A national emergency has been declared after a Red warning for extreme heat was issued for the first time, as the Met Office forecast temperatures could hit 40C – or 104F – in London and the south-east, and close to that level in as parts of the Midlands, Manchester and York next Monday and Tuesday.
The highest temperature ever recorded in the British Isles previously was 38.7C (101.7 degrees) in Cambridge in 2019.
The Met Office’s highest warning means that there is a risk to life.
The UK Health Security Agency (UKHSA) has increased its “heat-health warning” alert for England to Level 4 – the highest possible – for the first two days of next week.
The Red alert explains the level means a “national emergency”. It says it is “reached when a heatwave is so severe or prolonged that its effects extend outside the health and social care system. At this level, illness and death may occur among the fit and healthy, and not just in high-risk groups.”
The government said the alert was being treated as a national emergency, with officials continuing to meet on Friday and over the weekend to discuss the response.
It is the first time a red heat warning has been issued for parts of the UK.
As well as the Red warning, an Amber alert will be in place across most of England on Sunday and all of England, Wales and the south of Scotland on Monday and Tuesday.
The Met Office red warning means:
- Population-wide adverse health effects, not limited to those most vulnerable to extreme heat, leading to serious illness or danger to life
- Substantial changes in working practices and daily routines will be needed
- A high risk of failure of heat-sensitive equipment, potentially leading to localised loss of power and other essential services
- More people visiting coastal areas, lakes and rivers, with increased safety risks
- Delays, closures and cancellations for road, rail and air travel
Climate scientists said temperatures of 40C had been predicted for the UK in climate change modelling, and warned the heatwave would increase pressure on the government to come up with a better plan to cut greenhouse gas emissions more quickly.
The warning was decided by the UKHSA in collaboration with the Met Office and government departments.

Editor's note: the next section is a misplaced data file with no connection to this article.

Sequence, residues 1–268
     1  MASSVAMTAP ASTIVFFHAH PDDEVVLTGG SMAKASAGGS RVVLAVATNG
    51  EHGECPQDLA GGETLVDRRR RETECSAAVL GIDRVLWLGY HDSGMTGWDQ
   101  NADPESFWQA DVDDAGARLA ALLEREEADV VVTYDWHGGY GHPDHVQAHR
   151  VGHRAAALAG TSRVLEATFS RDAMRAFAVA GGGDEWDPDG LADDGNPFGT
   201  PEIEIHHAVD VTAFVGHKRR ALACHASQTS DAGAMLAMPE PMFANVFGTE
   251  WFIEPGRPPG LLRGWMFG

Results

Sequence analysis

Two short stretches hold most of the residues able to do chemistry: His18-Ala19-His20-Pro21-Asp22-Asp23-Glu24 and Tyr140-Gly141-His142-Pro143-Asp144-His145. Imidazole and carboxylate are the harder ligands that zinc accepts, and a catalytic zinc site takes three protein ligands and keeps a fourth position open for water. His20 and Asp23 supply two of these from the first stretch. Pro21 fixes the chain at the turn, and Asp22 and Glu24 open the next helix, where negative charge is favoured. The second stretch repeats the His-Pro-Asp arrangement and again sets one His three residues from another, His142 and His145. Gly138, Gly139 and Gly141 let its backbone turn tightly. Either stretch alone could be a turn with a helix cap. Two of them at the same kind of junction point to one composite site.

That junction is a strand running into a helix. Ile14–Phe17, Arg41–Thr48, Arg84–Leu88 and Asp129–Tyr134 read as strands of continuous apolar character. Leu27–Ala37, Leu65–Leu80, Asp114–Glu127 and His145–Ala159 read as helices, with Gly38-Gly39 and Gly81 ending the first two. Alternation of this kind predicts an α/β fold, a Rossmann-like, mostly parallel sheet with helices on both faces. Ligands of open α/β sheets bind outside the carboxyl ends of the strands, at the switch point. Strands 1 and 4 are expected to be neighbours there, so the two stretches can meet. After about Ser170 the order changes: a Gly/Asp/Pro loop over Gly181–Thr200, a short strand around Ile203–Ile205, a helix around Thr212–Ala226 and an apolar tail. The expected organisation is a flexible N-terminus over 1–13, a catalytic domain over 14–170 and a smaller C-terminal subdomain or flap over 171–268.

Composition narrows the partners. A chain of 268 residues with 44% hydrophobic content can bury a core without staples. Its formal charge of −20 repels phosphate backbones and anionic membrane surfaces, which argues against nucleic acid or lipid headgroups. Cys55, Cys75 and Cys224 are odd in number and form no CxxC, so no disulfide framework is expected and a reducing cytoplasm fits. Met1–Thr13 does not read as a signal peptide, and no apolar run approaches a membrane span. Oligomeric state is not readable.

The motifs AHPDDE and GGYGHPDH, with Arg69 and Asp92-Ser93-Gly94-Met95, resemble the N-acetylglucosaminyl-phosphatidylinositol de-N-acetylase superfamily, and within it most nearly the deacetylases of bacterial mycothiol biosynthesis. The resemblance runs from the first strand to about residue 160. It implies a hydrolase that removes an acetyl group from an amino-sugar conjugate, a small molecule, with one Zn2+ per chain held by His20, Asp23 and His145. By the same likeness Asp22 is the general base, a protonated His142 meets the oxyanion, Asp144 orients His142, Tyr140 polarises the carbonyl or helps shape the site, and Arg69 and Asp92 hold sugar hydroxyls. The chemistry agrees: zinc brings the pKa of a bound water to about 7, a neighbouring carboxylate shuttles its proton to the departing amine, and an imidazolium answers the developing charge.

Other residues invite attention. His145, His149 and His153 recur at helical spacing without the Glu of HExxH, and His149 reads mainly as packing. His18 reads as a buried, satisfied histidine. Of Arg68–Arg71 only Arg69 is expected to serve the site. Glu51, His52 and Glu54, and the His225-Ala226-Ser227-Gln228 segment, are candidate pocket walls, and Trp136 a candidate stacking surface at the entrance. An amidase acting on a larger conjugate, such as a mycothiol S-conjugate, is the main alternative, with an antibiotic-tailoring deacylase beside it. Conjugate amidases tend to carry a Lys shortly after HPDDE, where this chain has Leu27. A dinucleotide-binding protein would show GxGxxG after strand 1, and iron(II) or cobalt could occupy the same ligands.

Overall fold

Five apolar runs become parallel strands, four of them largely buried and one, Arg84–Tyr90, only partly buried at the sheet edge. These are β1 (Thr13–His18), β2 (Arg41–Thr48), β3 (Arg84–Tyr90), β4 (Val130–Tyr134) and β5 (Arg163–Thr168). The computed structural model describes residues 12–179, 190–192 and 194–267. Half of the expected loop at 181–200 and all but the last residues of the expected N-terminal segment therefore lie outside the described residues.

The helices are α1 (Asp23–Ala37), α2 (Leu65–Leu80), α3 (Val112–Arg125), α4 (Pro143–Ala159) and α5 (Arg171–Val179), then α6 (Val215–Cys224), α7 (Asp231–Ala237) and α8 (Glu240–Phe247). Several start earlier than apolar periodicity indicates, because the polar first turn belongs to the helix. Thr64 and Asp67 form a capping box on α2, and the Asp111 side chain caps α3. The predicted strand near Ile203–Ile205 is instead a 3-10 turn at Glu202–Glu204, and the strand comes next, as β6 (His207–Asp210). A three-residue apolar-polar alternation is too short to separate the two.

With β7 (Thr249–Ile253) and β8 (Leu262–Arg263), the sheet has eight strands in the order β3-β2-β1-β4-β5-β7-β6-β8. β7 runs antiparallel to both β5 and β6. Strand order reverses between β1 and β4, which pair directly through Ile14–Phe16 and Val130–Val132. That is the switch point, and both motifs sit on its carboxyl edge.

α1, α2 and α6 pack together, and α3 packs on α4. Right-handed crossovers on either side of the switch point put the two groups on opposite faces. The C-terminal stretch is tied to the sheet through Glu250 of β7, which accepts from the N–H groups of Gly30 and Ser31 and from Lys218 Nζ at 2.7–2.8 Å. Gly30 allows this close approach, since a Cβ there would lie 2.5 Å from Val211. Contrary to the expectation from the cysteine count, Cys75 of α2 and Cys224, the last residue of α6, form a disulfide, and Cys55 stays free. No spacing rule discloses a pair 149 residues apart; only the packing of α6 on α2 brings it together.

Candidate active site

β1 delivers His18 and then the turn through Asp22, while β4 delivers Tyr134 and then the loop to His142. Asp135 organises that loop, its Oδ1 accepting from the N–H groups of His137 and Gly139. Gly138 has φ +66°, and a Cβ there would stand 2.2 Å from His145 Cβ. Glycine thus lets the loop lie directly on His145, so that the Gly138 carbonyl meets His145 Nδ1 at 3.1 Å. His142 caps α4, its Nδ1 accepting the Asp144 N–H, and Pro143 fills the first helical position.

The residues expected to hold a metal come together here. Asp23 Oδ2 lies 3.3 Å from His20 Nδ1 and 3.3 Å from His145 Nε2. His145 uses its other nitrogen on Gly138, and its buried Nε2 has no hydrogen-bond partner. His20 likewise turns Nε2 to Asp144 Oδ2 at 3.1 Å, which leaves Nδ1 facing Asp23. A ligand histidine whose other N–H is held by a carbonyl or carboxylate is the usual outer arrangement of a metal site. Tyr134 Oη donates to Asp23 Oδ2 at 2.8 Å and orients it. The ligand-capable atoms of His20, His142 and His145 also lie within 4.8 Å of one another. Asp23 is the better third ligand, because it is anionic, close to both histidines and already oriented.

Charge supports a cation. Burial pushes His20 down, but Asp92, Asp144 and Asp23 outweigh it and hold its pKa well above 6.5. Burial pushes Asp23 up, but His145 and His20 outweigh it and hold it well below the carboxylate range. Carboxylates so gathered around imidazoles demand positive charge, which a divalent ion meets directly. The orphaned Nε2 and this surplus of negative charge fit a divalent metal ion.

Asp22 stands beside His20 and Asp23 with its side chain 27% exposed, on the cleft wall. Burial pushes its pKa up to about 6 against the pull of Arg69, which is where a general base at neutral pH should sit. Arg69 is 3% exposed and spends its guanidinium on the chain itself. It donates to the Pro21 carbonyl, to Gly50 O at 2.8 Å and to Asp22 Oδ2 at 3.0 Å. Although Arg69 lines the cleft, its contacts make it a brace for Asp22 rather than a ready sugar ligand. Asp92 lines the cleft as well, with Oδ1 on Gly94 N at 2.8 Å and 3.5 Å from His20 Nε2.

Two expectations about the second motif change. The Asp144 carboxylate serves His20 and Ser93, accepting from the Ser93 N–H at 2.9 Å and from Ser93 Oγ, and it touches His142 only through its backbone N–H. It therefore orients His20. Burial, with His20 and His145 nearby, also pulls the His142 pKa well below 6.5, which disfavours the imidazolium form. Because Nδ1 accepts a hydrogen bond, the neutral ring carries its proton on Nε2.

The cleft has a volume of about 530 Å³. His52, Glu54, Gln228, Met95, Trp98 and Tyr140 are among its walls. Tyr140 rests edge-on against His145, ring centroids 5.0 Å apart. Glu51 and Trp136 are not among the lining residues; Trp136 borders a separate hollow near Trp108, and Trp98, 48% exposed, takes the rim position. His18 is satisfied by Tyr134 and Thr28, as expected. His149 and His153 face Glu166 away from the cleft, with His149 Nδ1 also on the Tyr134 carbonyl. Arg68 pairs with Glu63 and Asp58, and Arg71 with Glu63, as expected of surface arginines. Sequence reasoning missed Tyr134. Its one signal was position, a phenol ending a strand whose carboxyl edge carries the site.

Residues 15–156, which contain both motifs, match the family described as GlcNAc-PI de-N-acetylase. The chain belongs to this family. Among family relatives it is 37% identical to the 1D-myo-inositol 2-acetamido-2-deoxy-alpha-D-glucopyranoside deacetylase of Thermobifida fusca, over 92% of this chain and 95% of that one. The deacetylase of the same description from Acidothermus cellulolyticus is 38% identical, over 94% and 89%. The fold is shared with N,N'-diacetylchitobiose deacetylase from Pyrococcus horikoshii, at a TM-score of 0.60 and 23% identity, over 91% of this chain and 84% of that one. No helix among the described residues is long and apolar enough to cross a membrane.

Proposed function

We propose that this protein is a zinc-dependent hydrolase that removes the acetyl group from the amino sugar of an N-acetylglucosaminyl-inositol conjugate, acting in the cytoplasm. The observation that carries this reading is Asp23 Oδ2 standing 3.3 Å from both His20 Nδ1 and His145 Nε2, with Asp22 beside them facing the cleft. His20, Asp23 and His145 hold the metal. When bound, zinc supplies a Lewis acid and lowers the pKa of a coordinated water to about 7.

The government’s Cobra emergency committee met yesterday to discuss the heatwave, and officials would meet again over the weekend, a Downing Street spokesperson confirmed.
“There is a range of contingency planning in place,” the spokesperson said. This included possible speed restrictions on rail services, where there’s a real fear that steel railway lines could buckle in the extreme heat, as well as measures to ensure the safety of people who might have to queue in cars on roads or at ports, as well as more emergency hospital staff on duty.
In Croydon, Rachel Flowers, the council’s director of public health, said: “We all need to take particular care during this time.
“Thousands of people end up in hospital each year because of heat, with conditions including severe sunburn, heat exhaustion and sun and heatstroke, particularly for those who cannot cope well during a heatwave.
“Be sure to check in on neighbours, friends and relatives who may be more vulnerable in the hot weather. Plan ahead during this time and check on council service updates to ensure that you have what you need to keep safe and well in the heatwave.”
The council says that staff have plans in place to keep essential services running and to provide extra support for those who are most vulnerable.
Sadiq Khan, the Mayor of London, has activated the Severe Weather Emergency Protocol across London boroughs.
Croydon Council is working with outreach partners, including Streetlink, to step up support for rough sleepers – encouraging them to take up offers of accommodation and shelter from the sun, as well as handing out suncream, sun hats and water.
Croydon residents concerned about someone sleeping rough can contact Streetlink – a 24/7 website, or call 0300 500 0914 to send out an alert about the location of someone sleeping rough.
You can visit the NHS website for more guidance on keeping safe and well.
Also check public transport updates, as services could be disrupted or cancelled due to the hot weather.
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As a Tory voter, I would rather have other people die from heatstroke and see agriculture collapse than give up my God-given right to drive my car wherever and whenever I like at the speed I choose. And don’t get me started on not flying abroad for my holidays or giving up meat
Clearly by the dislikes a number of people believed you! so a like for the wry humor.
Very much doubt that Croydon read these pages …
Strangely I am beginning to feel that I must be digitally challenged. not because I have had a hand operation (thank you kind surgeon)but I frankly missed every Croydon Council announcement including Rachel Flowers missive. I read most National papers and one Guardian free paper and quite a few online articles inc IC (Naturally). I am back to the single finger stabbing of the keyboard at present as feeling returns (and pain) but where exactly does the inhabitants of that monolithic white elephant actually publish there utterings?
It must happen as they get repeated like cucumber but where are the original ones published?
Any thoughts or help I would be grateful.